First of all, here is what you absolutely must not do with your valuable carpets.

Be careful! Silk and antique carpets must be washed solely by professional carpets-cleaning establishments.

Go and visit a museum to contemplate an antique Persian carpet (which means produced before 1895.) Your carpet can also age so well. What’s the secret? It is easier than you can imagine. A carpet is conceived to be walked on; it is destroyed by moths, intense and permanent moisture and above all wrong maintenance practice.

  • Rotate the carpet. You must not leave Oriental carpets in the same position for too long. They often have to be rotated at 180 degrees so that the wear pattern will be even. If carpets are in direct sun they will age evenly by rotating them. The type of carpet determines how often you have to rotate it; pieces laid at entranceways have to be rotated more often, whilst pieces placed in bedrooms much less frequently.

  • Very strong heat. Any direct or strong heat source which the carpet is constantly subjected to, dries the natural oils and organic compounds contained in wool, making it mat and friable just as the wool taken from a dead sheep. Therefore it can damage carpets. Direct sunlight. Carpets should be used and kept in well lit areas to prevent any damage caused by moths. However, keep in mind that long-term direct sunlight exposure will make colours fade. This is another reason explaining why carpets have to be regularly rotated to let their coloration remain even.

  • Pets. Most pets love carpets and in a house covered with carpets keeping domestic animals, especially if they are not trained, provides a serious problem to the carpet. Should cats find a carpet with face downward or folded, they will struggle to tear it up, thrusting their claws into the fibres and will no doubt achieve a successful result. The acid existing in urine seriously alters the colours of the carpet and if the accident repeatedly occurs over time this will rot the foundation. The urine stain must be removed immediately; if it is left on the carpet too long it will be almost impossible to wipe it away.


Come pulire i tappeti

If you accidentally spill some fluids on the carpet, you have to deal with the stain immediately, dubbing away the spillage with a clean cotton wad. It is also recommended to insert a sheet of newspaper under the carpet to protect the floor from eventual dye stains.

Afterwards clean the stain with some Marseille soap, then rinse and dry it as fast as possible. Pay attention to dry it lifting up the wet parts. Never use stain removers unless you are sure about the colour fastness of your carpet.


Be careful: ‘warm water’ refers to water at a bearable temperature to wash oneself, not exceeding 45 degrees, and not hot water. 

  • Urine: Remove excess moisture by dubbing the stain with an un-dyed cloth. Sponge the area with clean, lukewarm water and repeat this operation several times. Mix two tea spoons of white vinegar with half a litre of lukewarm water and wipe the stain with this solution. After a few minutes rinse it with an un-dyed cloth that is wet with lukewarm water. If necessary repeat the process. Let the area dry placing layers of white blotting paper or a non-dyed cotton cloth above and under the wet area. Press it under a stack of heavy books.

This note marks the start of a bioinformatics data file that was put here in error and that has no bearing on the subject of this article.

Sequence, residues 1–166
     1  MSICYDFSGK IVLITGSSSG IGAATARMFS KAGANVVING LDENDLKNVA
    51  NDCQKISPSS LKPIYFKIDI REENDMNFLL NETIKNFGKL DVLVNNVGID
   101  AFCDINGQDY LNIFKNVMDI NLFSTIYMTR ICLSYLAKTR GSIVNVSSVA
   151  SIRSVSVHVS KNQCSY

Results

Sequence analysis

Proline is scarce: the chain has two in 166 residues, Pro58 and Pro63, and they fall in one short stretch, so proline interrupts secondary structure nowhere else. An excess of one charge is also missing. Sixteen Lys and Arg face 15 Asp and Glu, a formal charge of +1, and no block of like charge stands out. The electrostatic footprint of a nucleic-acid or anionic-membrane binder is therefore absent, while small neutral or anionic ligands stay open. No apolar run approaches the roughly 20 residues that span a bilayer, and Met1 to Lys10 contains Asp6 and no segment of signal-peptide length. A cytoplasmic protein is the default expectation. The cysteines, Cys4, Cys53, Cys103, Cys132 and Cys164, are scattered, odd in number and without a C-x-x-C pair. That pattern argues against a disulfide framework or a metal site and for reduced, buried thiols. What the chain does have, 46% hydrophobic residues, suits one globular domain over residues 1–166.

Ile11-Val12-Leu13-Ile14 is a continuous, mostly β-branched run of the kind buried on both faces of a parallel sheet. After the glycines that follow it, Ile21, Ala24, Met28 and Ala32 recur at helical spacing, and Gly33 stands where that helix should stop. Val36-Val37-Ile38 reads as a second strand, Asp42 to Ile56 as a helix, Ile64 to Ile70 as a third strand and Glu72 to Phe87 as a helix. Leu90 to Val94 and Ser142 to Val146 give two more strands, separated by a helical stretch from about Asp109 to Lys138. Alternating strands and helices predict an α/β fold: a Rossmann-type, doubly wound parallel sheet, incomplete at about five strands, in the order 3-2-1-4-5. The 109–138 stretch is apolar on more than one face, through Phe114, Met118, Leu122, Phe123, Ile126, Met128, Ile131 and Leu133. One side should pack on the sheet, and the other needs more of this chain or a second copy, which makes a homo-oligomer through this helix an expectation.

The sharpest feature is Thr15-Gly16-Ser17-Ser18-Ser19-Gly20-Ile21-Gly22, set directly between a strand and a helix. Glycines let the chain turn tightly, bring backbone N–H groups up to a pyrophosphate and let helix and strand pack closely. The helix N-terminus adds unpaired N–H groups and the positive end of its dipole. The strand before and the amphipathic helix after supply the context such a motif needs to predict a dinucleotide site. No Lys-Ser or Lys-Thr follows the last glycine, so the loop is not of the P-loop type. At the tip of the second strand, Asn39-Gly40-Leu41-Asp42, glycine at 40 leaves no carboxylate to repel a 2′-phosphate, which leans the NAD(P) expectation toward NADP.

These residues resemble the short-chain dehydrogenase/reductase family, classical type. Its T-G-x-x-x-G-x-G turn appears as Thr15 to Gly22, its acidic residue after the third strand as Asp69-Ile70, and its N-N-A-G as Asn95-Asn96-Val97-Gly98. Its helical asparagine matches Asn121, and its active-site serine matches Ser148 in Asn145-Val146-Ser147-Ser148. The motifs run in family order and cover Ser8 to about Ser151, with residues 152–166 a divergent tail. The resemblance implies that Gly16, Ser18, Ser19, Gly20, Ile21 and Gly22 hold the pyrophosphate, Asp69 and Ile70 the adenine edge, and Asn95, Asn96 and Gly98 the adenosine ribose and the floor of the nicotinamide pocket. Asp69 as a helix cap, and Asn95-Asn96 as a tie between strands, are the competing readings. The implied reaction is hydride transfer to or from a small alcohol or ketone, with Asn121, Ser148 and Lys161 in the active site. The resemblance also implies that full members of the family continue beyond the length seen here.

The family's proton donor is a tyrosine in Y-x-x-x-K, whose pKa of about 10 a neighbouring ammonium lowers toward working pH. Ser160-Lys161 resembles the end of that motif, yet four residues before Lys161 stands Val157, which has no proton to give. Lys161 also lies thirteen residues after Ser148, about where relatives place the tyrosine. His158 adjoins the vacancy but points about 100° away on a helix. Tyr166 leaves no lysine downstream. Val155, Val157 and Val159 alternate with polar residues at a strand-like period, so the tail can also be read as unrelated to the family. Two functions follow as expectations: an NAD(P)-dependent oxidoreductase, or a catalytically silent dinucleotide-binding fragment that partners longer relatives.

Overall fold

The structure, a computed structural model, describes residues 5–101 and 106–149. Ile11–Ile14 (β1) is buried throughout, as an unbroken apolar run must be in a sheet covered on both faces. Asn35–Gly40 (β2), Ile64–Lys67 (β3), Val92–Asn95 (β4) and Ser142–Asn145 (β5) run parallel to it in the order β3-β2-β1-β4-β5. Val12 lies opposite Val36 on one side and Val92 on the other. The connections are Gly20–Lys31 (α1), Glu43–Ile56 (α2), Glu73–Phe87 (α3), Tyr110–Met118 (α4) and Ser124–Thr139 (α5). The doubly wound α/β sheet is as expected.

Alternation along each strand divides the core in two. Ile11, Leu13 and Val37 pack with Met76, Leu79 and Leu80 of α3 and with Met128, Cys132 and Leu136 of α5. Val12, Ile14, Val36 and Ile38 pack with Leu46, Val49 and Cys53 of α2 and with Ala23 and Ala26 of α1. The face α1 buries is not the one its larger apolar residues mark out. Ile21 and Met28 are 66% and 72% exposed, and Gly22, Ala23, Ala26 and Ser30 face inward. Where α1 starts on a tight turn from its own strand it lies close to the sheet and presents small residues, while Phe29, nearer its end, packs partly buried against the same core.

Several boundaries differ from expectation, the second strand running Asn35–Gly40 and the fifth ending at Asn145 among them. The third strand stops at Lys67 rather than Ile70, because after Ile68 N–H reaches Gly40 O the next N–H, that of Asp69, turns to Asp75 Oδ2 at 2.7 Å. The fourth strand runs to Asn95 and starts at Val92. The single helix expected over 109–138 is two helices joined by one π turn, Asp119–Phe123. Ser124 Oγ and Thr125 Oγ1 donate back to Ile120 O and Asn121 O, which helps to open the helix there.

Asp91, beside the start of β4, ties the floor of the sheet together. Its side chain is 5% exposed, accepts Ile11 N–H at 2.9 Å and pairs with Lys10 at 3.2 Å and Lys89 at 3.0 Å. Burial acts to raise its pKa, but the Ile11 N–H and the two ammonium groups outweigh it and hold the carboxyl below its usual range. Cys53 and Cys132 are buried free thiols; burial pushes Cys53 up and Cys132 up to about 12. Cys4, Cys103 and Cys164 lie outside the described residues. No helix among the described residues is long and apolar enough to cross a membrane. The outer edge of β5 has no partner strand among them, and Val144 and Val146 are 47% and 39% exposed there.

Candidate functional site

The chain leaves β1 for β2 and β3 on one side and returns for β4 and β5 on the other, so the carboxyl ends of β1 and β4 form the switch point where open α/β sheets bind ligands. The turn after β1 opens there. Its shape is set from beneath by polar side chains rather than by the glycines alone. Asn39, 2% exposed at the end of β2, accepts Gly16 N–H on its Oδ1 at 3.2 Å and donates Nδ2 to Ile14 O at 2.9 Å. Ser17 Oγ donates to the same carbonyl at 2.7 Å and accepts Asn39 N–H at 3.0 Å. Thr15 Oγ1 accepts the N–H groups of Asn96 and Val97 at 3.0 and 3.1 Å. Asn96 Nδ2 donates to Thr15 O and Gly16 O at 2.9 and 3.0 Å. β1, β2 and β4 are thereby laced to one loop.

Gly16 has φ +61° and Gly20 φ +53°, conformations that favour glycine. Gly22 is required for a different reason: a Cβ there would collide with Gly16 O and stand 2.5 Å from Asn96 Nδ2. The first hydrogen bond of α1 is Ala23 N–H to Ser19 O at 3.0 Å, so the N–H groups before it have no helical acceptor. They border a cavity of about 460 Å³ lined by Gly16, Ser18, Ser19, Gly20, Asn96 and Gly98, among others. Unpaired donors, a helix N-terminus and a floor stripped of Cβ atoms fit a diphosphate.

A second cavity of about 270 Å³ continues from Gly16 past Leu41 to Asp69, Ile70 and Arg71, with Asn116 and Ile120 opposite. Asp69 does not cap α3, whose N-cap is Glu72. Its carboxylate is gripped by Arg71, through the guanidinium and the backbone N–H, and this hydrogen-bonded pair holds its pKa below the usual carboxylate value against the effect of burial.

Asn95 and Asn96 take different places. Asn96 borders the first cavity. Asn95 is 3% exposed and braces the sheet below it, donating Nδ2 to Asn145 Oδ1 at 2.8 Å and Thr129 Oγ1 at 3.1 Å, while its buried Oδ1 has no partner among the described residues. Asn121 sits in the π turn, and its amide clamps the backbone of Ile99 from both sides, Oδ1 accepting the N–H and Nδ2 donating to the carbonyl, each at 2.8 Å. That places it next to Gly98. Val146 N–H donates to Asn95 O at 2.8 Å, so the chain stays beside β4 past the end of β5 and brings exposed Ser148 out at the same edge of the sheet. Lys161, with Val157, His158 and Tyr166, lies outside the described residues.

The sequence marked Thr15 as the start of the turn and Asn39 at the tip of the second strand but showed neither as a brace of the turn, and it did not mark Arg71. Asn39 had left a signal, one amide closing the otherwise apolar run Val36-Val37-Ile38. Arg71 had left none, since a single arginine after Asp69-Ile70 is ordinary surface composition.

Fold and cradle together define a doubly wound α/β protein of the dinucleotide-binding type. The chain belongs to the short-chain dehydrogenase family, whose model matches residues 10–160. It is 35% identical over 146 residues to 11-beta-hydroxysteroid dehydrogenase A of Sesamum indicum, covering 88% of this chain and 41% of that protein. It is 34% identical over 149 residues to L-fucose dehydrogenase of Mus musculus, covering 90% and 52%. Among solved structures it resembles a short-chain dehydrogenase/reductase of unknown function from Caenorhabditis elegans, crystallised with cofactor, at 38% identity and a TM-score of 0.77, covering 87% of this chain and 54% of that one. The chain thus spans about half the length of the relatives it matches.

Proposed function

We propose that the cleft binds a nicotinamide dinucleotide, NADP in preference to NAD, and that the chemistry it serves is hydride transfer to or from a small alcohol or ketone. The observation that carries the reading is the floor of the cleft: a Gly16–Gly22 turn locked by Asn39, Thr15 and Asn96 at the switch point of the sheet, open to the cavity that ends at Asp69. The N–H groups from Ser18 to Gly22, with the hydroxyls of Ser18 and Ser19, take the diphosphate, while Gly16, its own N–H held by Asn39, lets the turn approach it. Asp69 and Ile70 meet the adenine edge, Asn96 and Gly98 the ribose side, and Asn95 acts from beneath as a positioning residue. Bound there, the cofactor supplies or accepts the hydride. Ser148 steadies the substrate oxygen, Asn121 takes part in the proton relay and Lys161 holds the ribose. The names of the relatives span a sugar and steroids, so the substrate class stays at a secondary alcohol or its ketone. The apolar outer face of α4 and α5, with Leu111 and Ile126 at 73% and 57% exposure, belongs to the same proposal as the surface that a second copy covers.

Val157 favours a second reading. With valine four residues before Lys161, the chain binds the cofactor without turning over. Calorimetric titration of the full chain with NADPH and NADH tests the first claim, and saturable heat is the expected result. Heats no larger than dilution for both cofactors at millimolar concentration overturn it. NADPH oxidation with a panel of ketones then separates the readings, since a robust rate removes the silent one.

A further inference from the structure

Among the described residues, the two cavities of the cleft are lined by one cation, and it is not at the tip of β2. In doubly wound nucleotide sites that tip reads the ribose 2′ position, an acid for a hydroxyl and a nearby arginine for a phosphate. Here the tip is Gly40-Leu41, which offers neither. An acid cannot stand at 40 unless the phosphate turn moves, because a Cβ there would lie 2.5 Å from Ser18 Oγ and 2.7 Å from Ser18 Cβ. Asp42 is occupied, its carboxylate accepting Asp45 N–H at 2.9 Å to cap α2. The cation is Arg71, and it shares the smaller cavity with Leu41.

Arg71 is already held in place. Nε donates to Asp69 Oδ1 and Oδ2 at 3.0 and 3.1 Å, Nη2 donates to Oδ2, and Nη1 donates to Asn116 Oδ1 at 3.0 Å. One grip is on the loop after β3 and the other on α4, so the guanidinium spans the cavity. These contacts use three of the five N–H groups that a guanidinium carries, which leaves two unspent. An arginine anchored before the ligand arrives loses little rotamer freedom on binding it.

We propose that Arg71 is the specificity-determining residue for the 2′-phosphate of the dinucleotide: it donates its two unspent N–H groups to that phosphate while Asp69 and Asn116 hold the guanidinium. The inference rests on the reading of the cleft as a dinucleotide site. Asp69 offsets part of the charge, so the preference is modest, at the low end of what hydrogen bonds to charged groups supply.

• Tea, coffee, soft drinks, juices, milk, ice cream, alcohol: Absorb as much of the liquid as possible. Sponge the spot with clean, lukewarm water. Mix a tea spoon of non-alkaline detergent with half a litre of lukewarm water and clean the spot. After a few minutes rinse it with a sponge that is wet with clean, lukewarm water. If the stain remains, repeat this operation. Then dry it by dubbing the area with a non-dyed cloth or with the aid of an hairdryer on minimum mode.

  • Solid or liquid chocolate, sauce, shoe polish: Dub excess moisture. Sponge the stain with lukewarm water, removing the spill as much as possible. Add a tea cup of a mild carpet shampoo without any detergent or soap to four tea cups of lukewarm water and thoroughly rub the spot. Then accurately rinse the area with clean, lukewarm water and dub it until it is dry.

  • Blood, eggs, grease: Absorb the spillage. Sponge the stain with clean, cold water, removing as much of the spill as possible. Mix half a tea cup of salt with one litre of water, and wipe the stain with a sponge that is wet with this solution. Rinse and dub the area until it dries. If the stain remains, mix two tea spoons of non-alkaline detergent with half a litre of water. Sponge the spot again and then rinse it.

  • Nail polish: Oriental carpets are made of natural fibres. Acetone will indeed remove most any nail polish. Using an eye dropper, apply a small amount of acetone to the stain. After a few minutes dub the area with a non-dyed cloth until it dries.